Floods are the most widespread of all weather-related natural disasters in the U.S., according to the National Oceanic and Atmospheric Administration. Flooding caused billions of dollars of damage across the country in 2017, yet many Americans don’t have flood insurance.
Floods can happen anywhere, even in low- or moderate-risk flood zones. Some of the homes damaged by floodwaters brought on by Hurricane Harvey were considered to be in a minimal-risk flood hazard area.
Many people are not aware that homeowners insurance does not cover floods. Taking a few simple precautions today can minimize impacts and help keep you and your loved ones physically and financially safer.
- Floods happen in all 50 states.
- Areas vulnerable to flooding include:
- rivers, streams and other bodies of water
- storm drains
- recent burn areas
- new construction areas
- urban environments with lots of pavement
- Dam failures and snowmelt can also cause flooding.
- Consider purchasing flood insurance if you are at risk. Talk to your insurance agent, and visit floodsmart.gov for more information.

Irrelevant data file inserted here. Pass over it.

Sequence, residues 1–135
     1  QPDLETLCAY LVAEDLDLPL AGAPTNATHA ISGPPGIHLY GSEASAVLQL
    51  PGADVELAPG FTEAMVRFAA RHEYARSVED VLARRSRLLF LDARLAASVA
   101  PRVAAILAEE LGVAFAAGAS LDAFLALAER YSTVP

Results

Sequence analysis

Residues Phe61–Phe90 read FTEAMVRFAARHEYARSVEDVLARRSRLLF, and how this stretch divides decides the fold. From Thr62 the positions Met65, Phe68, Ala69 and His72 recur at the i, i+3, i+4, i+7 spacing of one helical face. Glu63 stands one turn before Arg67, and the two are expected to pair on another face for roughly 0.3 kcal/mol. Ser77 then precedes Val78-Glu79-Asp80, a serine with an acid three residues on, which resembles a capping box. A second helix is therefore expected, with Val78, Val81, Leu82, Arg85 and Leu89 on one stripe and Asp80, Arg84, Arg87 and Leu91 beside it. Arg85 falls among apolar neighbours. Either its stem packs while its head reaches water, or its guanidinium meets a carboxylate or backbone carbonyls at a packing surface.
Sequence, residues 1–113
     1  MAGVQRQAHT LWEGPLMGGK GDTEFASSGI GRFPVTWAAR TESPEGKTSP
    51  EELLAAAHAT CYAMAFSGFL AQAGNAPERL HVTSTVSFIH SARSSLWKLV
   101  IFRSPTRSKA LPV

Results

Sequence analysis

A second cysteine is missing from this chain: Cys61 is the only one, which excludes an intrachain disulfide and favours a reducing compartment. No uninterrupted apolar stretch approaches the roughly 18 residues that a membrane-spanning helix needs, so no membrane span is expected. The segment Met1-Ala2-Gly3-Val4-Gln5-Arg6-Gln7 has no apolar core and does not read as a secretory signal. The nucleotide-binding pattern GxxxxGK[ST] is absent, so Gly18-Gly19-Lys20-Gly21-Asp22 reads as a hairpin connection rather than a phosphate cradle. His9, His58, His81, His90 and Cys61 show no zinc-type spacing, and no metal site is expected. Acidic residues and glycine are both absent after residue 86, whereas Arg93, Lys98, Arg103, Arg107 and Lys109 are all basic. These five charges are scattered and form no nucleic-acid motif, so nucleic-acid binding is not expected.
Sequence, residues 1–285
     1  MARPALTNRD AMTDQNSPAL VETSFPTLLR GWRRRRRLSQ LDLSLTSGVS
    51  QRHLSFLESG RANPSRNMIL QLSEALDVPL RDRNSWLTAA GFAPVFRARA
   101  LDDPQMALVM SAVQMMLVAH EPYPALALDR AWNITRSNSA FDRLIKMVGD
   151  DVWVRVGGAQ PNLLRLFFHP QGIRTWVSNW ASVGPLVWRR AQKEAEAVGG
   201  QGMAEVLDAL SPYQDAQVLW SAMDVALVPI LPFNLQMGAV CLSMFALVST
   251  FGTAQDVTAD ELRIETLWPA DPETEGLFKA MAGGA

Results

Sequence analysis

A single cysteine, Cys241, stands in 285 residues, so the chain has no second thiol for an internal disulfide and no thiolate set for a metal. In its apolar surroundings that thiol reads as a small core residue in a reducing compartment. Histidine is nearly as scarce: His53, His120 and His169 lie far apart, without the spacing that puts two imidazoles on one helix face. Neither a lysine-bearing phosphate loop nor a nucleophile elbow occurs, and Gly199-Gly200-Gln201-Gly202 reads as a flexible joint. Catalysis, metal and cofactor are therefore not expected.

- Avoid driving in floodwater. Flooding causes more deaths than any other storm-related event. Many of those deaths occur in vehicles. As little as 12 inches of moving water can sweep most vehicles off the road.
- Head to higher ground. If you have to evacuate, be cautious in floodwater. Avoid stepping into moving water and use a broom handle or stick to test water depth. Six inches of water can knock adults off their feet.
- Build an emergency kit for your home, car and work. Include a battery-powered or hand-cranked radio, a flashlight and extra batteries, first aid supplies, medications, nonperishable food, a can opener and water. Keep essential electronics charged.
- Create an emergency plan. Talk with your family about where you’ll go in the event of a flood, how you’ll get there and how you will communicate with each other. Don’t forget to plan for pets.
- Shut down safely. Unplug electronics. Know how to turn off your power, gas and water, and, if time permits, shut everything down and move electronics and other valuables to higher ground before evacuating.